Should Accountability Be a Primary Priority?

Assessing Employee Growth and Development

Nine Rules for Coaching Your Employees

Timothy F. Bednarz, Ph.D. | Author | Publisher | Majorium Business Press
Author of Great! What Makes Leaders Great: What They Did, How They Did It and What You Can Learn From It (Finalist – 2011 Foreword Reviews‘ Book of the Year)
Linkedin | Facebook | Twitter | Web| Blog | Catalog |800.654.4935 | 715.342.1018

Copyright © 2014 Timothy F. Bednarz, All Rights Reserved

Four Primary Leadership Roles and Responsibilities

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AA018421

A leader’s specific roles are determined through the four basic leadership responsibilities of directing, coaching, supporting and delegating. Specific responsibilities will fall into one of these four categories. In leadership practice, one must master skills in all areas in order to effectively lead others under their direction.

Effective leadership is not happenstance; it follows specific rules revolving around these four basic areas of responsibility. Leadership skills can be learned and developed, even if an individual does not have a natural tendency toward leadership. More importantly, once learned and applied, these rules make a leader more effective and productive as he or she learns to work, direct and guide others toward the mutual accomplishment of goals and objectives.

Developing strengths in each of the four leadership roles allows a leader to read specific situations accurately and know what communication style is best applied.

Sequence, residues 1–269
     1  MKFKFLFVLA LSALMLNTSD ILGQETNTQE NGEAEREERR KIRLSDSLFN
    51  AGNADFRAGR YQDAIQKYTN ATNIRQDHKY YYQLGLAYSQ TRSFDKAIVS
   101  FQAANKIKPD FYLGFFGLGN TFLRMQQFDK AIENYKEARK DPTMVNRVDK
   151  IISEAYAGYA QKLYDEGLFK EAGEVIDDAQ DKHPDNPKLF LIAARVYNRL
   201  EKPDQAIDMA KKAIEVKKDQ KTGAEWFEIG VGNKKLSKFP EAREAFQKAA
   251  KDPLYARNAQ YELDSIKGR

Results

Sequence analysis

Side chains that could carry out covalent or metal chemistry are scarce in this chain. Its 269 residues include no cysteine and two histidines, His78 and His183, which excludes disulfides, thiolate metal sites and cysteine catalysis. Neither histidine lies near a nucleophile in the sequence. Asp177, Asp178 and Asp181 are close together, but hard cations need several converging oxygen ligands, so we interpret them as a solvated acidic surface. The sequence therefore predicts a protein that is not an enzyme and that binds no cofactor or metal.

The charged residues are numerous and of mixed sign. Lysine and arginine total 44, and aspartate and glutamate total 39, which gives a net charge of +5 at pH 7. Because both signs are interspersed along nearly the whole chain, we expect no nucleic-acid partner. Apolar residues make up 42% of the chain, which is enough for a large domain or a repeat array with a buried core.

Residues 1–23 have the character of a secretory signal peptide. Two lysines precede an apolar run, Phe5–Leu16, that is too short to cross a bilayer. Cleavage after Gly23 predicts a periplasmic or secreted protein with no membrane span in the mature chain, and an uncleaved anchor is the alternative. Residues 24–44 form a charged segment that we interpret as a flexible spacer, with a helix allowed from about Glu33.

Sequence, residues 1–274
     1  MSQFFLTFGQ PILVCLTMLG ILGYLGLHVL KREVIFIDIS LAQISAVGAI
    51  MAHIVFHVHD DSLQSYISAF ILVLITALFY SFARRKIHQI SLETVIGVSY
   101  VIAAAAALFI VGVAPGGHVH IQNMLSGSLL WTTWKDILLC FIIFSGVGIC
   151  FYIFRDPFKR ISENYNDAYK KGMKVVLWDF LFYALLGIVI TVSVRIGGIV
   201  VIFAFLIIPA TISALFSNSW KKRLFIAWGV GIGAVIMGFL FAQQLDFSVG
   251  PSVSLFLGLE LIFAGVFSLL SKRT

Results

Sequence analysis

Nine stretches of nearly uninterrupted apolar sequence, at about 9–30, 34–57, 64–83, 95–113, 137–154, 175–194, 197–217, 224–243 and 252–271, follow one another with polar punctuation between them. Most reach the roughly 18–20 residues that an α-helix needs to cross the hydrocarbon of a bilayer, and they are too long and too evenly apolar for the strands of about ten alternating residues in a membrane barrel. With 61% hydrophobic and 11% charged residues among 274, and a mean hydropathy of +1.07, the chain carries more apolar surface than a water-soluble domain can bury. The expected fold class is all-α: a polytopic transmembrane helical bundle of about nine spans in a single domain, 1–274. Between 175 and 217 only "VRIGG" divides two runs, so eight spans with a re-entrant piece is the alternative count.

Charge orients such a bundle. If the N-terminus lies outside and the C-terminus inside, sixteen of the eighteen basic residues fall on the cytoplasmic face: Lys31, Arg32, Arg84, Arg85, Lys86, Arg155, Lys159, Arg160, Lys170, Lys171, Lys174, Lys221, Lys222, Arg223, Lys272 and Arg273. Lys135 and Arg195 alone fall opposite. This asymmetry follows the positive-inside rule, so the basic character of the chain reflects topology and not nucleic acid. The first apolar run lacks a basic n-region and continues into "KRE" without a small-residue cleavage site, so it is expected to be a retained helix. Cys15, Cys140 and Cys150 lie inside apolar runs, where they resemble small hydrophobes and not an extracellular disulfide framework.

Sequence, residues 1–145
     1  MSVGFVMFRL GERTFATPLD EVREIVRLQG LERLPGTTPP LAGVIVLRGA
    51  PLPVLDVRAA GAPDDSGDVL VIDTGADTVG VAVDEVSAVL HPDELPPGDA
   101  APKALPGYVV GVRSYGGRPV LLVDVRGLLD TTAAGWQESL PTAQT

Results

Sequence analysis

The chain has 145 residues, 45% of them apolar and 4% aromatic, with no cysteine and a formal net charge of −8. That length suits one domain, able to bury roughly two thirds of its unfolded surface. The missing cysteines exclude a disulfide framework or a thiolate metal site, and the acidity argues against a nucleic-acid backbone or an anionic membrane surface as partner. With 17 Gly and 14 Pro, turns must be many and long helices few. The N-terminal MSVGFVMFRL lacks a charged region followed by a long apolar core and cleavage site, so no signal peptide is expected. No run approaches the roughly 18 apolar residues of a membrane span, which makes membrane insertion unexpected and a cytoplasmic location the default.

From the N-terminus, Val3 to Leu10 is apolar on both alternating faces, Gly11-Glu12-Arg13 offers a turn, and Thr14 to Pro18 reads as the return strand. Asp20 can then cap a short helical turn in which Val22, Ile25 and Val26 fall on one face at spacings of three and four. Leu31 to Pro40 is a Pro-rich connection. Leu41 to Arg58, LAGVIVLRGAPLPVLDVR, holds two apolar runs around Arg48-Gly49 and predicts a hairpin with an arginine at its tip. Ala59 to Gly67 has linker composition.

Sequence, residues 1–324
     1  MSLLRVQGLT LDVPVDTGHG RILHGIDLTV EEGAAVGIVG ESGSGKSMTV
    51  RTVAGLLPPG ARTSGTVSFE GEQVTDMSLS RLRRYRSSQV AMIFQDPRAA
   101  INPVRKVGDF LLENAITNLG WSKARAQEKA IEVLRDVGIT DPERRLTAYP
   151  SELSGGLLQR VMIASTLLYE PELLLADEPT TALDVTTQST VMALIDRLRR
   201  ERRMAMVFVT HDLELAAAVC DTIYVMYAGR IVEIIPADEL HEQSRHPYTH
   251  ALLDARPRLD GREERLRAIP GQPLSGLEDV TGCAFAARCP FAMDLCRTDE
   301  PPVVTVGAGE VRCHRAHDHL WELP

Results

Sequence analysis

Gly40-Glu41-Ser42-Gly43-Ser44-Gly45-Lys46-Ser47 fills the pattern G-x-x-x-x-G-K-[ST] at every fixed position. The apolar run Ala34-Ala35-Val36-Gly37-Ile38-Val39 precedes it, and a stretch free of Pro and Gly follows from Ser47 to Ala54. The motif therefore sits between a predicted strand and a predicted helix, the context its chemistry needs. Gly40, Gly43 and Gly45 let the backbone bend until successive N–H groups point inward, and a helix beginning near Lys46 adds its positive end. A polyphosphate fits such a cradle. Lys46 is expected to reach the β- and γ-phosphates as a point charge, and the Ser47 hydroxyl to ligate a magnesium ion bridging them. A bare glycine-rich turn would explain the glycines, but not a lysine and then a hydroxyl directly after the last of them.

Directing

Directing refers to how to keep work tasks and activities on the right track. A leader’s direction is what makes or breaks problem solving as well as determines the effectiveness of an approach to an assignment or task, the maintaining of momentum until its completion, and whether it is done by deadline. There are several ways to generate good direction techniques. These include:

Explain things completely and include the ‘why’s’

Leaders learn early on that the best way to gain support and trust from their employees is to explain all things in their entirety. Once people understand why something is important or necessary, they generally rally to the call of that which needs to be done or addressed.

Remain visible

Leaders understand the power of their presence at all times. Nothing deflates the workforce’s motivation and desire to achieve more than to be left on their own with no visible means of support or direction.

Objectively consider opposing points of view

Leaders consider situations, problems and solutions from various viewpoints, as the input from as many individuals as possible expands their capabilities to effectively frame their direction.

Coaching

Coaching refers to when a leader knows where he or she wants to go and remains in control of the task but needs to lead others in developing a mutual support network. Coaching instills the desire to achieve and builds a dialogue bridge between the leader and those under his or her charge. This motivates employees and positively changes attitudes toward the work assignment. To do this effectively a leader must make an effort to: